An exempt project’s tax-exempt purpose should be crystal clear. We love getting calls from potential clients with exciting ideas. However, surprisingly often, we are in a position which we do not enjoy of letting the caller know that as exciting as their idea is, it does not qualify for tax-exemption.
Tax-exempt Purposes that Qualify for 501(c)
There are 29 different exemptions under Code Section 501, the most popular of which is Section 501(c)(3). If a nonprofit corporation plans to qualify for tax-exemption under Section 501(c)(3), the articles of incorporation must limit its activities to a permissible tax-exempt purpose. Tax exempt purposes under 501(c)(3) include:
- testing for public safety,
- to foster national or international amateur sports competition, or
- promote the arts, or for the prevention of cruelty to children or animals.
Purposes that qualify under some of the other sections of 501(c) include:
- 501(c)(4) – Civic Leagues, Social Welfare Organizations, and Local Associations of Employees
- 501(c)(5) -Labor, Agricultural, and Horticultural Organizations
- 501(c)(6) – Business Leagues, Chambers of Commerce, Real Estate Boards, Etc.
- 501(c)(7) – Social and Recreation Clubs
Sources of Law Interpreting 501(c)
The concept of a 501(c)(3) purpose is derived from the English common law of charitable trusts and has been codified in law and interpreted through Treasury Regulations, cases, and rulings. This means that within each of these categories there is a body of legal precedent interpreting the nuances of what each term means. For example, the Treasury Regulations define the term charitable to include the following:
- relief of the poor and distressed or of the underprivileged,
- advancement of religion,
- advancement of education or science,
- erection or maintenance of public buildings, monuments, or works,
- lessening of the burdens of Government,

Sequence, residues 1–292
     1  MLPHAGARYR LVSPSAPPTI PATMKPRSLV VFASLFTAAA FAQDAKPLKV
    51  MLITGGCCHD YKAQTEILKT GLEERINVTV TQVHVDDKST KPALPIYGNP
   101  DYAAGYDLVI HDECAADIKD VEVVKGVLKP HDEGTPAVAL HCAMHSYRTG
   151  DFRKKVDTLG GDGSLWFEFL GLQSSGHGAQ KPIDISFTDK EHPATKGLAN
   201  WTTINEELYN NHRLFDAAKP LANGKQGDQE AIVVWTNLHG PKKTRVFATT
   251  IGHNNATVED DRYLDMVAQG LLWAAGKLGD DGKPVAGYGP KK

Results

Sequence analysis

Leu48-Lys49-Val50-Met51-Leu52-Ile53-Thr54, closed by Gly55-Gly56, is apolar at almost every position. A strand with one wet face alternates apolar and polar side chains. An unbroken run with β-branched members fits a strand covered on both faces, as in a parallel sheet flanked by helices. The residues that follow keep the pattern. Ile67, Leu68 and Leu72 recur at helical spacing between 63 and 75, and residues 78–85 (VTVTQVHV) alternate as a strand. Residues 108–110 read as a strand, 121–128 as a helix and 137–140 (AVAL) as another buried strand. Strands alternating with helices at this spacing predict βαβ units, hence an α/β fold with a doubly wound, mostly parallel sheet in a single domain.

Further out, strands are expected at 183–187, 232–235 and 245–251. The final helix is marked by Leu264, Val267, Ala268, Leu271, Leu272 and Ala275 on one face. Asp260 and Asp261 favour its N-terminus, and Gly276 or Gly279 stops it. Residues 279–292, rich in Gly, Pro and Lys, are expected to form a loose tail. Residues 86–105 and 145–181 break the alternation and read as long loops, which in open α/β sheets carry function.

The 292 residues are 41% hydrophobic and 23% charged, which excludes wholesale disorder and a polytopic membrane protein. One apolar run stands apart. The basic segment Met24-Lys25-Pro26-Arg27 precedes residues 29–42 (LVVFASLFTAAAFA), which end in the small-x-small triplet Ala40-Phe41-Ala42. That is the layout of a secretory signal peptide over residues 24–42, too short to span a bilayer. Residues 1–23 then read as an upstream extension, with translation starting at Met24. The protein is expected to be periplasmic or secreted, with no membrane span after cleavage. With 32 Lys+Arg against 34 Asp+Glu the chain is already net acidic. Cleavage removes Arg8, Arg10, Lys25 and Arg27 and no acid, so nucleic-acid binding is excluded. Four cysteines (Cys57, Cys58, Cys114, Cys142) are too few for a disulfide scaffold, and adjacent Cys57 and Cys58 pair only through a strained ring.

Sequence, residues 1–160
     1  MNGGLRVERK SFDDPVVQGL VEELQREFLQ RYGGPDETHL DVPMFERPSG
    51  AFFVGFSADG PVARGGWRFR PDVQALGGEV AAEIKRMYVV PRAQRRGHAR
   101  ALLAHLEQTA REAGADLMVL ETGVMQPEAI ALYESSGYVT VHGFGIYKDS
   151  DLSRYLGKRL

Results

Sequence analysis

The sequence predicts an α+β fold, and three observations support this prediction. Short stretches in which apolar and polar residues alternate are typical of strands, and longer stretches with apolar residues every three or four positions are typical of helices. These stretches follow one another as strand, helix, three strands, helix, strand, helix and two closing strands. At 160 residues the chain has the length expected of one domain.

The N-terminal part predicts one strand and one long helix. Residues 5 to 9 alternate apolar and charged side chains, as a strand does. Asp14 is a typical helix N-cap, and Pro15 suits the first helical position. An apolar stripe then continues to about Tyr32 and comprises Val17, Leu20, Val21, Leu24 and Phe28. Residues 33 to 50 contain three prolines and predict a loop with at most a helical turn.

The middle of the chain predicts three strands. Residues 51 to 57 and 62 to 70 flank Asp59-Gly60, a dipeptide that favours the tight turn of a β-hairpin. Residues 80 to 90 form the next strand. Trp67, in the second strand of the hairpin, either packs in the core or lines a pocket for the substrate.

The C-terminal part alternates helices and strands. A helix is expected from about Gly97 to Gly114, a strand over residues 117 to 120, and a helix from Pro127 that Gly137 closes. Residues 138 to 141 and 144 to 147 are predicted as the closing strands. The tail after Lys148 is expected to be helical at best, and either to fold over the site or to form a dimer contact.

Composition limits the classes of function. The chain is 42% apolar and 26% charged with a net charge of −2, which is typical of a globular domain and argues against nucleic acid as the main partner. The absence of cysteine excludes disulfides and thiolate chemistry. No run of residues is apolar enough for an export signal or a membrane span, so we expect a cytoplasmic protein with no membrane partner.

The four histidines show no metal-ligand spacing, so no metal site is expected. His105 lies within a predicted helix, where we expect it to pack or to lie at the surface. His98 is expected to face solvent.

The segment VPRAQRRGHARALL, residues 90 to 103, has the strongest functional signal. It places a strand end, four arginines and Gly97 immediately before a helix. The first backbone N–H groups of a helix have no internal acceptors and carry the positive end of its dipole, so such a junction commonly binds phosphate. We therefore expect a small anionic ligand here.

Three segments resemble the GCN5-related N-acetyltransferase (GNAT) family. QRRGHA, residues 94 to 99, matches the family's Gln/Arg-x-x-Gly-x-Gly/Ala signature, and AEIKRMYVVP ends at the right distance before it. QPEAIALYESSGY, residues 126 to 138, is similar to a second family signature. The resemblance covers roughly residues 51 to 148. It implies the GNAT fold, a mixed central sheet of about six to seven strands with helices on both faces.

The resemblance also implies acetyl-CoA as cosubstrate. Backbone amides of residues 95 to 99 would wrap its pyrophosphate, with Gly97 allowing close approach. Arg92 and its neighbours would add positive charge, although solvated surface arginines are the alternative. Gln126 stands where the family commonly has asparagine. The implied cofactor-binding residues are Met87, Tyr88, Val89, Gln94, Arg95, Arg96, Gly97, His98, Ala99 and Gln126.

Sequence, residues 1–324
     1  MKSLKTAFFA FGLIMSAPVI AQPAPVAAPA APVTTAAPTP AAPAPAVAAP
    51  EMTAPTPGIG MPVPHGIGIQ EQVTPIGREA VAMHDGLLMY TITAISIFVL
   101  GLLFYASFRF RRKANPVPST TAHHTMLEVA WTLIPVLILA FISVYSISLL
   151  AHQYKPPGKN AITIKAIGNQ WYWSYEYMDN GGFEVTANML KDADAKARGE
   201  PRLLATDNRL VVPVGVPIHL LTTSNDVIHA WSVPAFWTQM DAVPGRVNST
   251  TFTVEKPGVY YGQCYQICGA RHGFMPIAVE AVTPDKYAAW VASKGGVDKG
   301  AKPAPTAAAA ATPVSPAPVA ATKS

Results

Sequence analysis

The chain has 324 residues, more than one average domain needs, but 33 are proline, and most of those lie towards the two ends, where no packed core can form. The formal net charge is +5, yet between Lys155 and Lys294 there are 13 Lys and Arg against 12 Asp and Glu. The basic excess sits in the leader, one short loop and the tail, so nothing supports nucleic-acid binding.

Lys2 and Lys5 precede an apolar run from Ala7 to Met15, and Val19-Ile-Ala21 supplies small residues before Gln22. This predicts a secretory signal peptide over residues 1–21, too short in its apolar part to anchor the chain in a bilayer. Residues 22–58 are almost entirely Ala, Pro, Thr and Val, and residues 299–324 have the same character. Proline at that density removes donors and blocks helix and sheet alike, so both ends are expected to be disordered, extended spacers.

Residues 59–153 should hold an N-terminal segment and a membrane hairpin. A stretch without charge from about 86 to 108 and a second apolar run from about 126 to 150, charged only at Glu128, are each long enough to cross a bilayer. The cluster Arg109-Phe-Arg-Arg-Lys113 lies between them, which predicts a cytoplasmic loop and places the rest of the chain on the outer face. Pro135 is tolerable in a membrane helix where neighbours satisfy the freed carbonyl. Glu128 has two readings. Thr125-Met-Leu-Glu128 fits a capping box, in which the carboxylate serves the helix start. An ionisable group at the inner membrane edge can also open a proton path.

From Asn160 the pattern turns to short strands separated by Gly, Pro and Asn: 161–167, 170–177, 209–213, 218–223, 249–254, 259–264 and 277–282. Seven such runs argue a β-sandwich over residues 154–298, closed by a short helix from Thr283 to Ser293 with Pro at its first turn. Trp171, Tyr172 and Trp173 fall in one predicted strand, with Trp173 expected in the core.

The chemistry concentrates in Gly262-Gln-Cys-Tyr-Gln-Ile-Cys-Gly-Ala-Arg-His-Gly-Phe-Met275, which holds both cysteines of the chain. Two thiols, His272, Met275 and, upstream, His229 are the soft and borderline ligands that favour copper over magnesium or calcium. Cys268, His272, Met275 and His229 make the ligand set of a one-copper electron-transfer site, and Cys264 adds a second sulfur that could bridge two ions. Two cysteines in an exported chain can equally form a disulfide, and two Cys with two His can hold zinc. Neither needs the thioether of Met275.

- promotion of social welfare by organizations designed to accomplish any of the above purposes, or (i) to lessen neighborhood tensions; (ii) to eliminate prejudice and discrimination; (iii) to defend human and civil rights secured by law; or (iv) to combat community deterioration and juvenile delinquency.
Similarly, the other seven potential rationales for 501(c)(3) status each have specific meaning under the law that can cause problems for the unsuspecting applicant. If a proposed activity is novel, it makes sense to do some research to ensure that it will qualify under one or more of the eight tax-exempt purposes ennumerated in Code Section 501(c)(3).
Examples of Proposals that Do Not Qualify for 501(c)(3)
Some common examples of laudable endeavors that will not qualify for 501(c)(3) include fundraising for a fallen officer or a specific individual’s medical care, raising money to invest in start-up technology companies, or running a business that will turn over all of its profits to 501(c)(3) organizations.
In addition to stating a tax-exempt purpose, to qualify for tax-exempt status, the organization must benefit a sufficiently large and indefinite charitable class. This is why the fund for a specific fallen officer or patient does not qualify for tax-exempt status. The rule of thumb is that charity ends where certainty begins.
Another example is an organization that engages in more than a substantial amount of lobbying or any campaign activity. While such organizaitons will not qualify for tax-exempt status under Code Section 501(c)(3), they may qualify under another section of 501(c) such as 501(c)(4).
Further, in analyzing whether an organization has a tax-exempt purpose, one must analyze the inherent qualities of the activities being conducted, not what is done with the proceeds.
Therefore, a car washing business that is opened up with the express purpose of donating 100% of its profits to charitable causes is not tax-exempt because its inherent activities are not charitable, educational, religious, etc. This type of arrangement is known as a feeder organization.
Organizations that are not operated exclusively for tax-exempt purposes will not qualify for exemption. Any non-exempt activity should be incidental to the exempt activitiies the organizaiton will be engaged in.
Entity selection and tax classification are the two most important early considerations when starting a nonprofit. Its a good idea to talk your concept through with an expert before investing significant time or money in building the organization to ensure you are builiding it on a strong legal foundation.
Ellis Carter is a nonprofit lawyer with Caritas Law Group, P.C. licensed to practice in Washington and Arizona. Ellis advises nonprofit and socially responsible businesses on corporate, tax, and fundraising regulations nationwide. Ellis also advises donors with regard to major gifts. To schedule a consultation with Ellis, call 602-456-0071 or email us through our contact form.